Orientation Recital Introduces Class of 2017 to Oberlin’s Musical Tradition

Nicole Gutman

On the first day of orientation on Aug. 27, the Conservatory presented a recital to introduce first-years and their parents to Oberlin’s musical tradition. Before the concert started, Acting Dean of the Conservatory Andrea Kalyn introduced the recital’s performers, and she explained how the student performers are enrolled in the same institution as the new Conservatory students in the audience. All the performers were rising juniors and seniors, meaning that just a few years ago, they too were sweating in Finney Chapel listening to this same concert.

The first piece was Variétude Op. 28 by Einojuhani Rautavaara, a violin solo played by Conservatory junior Yuri Popowycz. It was an energetic piece with mostly angry and anxious expression that came from the dissonant intervals and crunchy tones Popowycz made on his violin, as well as his dynamic physical performance.

The next piece, Suite pour bassoon et piano by Alexandre Tansman, was performed by double-degree junior Benjamin Roidl-Ward on bassoon and Conservatory junior Joseph Williams on piano. The piece contained many sudden changes in the texture and relationship between the instruments. In one moment, there was a soft, almost flute-like timbre on the bassoon, immediately followed by a loud and chaotic piano passage. They covered a lot of stylistic ground with their changes of texture, harmony and their musical relationship to each other.

Conservatory senior Elly Toyoda and double-degree senior Jennifer Carpenter showed a great dynamic relationship in Duo for Violin and Cello Op. 7 by Zoltan Kodaly. The piece was structured so that both instruments played together the whole time, instead of having one instrument occasionally perform alone. Their dynamics, harmonies and articulation were so in sync that they often sounded almost like one instrument. This piece, unlike the obvious and sudden textural changes of the previous piece, employed more gradual shifts.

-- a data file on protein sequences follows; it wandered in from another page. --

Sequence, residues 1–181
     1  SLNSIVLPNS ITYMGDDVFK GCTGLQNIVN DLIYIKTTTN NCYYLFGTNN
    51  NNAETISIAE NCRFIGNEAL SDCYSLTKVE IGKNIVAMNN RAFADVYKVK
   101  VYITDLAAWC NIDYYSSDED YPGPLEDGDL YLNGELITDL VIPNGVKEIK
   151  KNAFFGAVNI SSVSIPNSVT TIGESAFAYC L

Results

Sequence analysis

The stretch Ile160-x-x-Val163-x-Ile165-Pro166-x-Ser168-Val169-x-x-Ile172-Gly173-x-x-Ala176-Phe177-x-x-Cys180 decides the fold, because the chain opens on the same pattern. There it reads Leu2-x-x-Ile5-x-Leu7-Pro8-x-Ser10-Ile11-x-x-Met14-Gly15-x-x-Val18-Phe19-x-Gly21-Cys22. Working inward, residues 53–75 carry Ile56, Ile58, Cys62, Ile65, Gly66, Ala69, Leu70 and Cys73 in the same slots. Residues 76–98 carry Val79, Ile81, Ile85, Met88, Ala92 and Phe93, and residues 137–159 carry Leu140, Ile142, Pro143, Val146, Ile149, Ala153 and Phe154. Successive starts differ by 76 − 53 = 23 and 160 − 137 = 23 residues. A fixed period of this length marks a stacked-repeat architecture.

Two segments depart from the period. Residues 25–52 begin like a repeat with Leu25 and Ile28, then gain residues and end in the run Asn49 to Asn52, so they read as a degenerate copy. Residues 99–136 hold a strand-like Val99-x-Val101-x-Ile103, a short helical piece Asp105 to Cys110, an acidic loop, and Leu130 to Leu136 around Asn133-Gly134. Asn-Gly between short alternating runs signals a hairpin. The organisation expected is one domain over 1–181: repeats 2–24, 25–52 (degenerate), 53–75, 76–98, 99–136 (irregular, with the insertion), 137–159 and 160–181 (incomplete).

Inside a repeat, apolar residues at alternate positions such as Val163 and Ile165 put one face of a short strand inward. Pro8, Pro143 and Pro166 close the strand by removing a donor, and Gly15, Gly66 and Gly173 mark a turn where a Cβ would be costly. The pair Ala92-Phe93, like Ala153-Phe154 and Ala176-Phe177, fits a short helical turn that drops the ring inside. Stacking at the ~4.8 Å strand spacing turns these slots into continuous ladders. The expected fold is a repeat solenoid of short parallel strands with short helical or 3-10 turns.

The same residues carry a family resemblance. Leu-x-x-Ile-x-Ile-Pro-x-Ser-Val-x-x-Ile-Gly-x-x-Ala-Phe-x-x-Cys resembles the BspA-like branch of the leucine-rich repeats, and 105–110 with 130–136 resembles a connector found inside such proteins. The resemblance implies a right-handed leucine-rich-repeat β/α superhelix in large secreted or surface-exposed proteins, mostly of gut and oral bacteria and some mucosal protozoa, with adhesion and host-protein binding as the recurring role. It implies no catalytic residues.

Paganiniana by Nathan Milstein was performed by Conservatory junior Jung Un Suh on the violin. Un Suh showed amazing technique in her playing. Paganiniana is a set of variations on a nautical-sounding theme composed by the violinist Nicolo Paganini. The variations utilized a variety of musical styles, including ornamentation, multiple voices and double stops. The piece ended with the same sea shanty theme introduced in the beginning.

Double-degree fifth-year Eric Fischer showed expression both in his musicality and in his stage presence when singing Odins Meeresritt Op. 118 by Carl Loewe. He was accompanied by Conservatory junior Farshad Tahvildar-Zadeh on the piano. Most of this song was sung in a recitative style, almost as if Fischer was talking to someone.

Next, Conservatory senior Re Zhang performed two movements from Etudes-tableaux Op. 33 by Sergei Rachmaninoff on piano. The first movement was very energetic and colorful. Zhang’s hands were all over the keyboard. The second movement was much slower; it started out with a few long block chords that were then gradually broke into many tremolos.

The performance concluded with two original jazz pieces. The first was “Mr. Task” by double-degree senior Stephen Becker, and the second was “Waiting On You” by Conservatory senior Jake Silverman. These pieces were performed by double-degree senior Carl Mitchell on saxophone, Conservatory juniors Lawrence Galloway and Zachary Jay Warren on trombones, Becker on guitar, Silverman on piano, double-degree senior Ethan Philion on bass, and Conservatory senior Miles Labat on drums. “Mr. Task” had a very strict tempo and a set form with everyone taking their turn to improvise the head. There was a huge drum solo to follow “Mr. Task.” “Waiting On You” followed shortly after that. The musicians often soloed simultaneously while maintaining far more flexibility of rhythm than in “Mr. Task.” It was a truly large contrast.

As a whole, the concert was a wonderful way to showcase the skills of Conservatory musicians to the incoming students. Everyone who performed represented Oberlin Conservatory’s strengths and stylistic variations.